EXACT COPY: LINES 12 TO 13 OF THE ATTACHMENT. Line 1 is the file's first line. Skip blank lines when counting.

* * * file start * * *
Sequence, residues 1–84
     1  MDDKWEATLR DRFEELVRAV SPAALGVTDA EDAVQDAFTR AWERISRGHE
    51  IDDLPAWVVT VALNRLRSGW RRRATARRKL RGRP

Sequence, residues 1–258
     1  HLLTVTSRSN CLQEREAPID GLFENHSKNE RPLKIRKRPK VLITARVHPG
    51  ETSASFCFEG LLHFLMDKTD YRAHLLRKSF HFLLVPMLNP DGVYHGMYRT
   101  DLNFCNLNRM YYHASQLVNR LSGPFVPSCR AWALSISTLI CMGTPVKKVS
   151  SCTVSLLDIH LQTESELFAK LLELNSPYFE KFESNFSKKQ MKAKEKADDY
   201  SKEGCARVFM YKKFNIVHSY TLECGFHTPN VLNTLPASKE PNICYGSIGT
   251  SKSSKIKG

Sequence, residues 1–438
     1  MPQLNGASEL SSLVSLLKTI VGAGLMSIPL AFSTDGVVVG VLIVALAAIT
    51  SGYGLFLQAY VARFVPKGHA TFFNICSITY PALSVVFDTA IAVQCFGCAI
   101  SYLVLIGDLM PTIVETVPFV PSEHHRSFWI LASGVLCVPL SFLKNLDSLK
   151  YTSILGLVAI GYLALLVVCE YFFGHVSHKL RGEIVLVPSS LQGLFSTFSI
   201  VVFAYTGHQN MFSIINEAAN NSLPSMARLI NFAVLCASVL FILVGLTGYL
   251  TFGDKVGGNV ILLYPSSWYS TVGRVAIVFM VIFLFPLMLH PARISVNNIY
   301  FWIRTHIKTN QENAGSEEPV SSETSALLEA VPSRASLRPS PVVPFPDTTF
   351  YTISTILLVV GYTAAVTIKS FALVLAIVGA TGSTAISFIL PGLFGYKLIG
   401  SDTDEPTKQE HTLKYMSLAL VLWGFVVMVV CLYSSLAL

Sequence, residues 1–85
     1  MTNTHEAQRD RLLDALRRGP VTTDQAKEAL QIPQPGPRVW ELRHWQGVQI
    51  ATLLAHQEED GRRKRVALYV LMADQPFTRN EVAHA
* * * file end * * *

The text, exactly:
     1  MPQLNGASEL SSLVSLLKTI VGAGLMSIPL AFSTDGVVVG VLIVALAAIT
    51  SGYGLFLQAY VARFVPKGHA TFFNICSITY PALSVVFDTA IAVQCFGCAI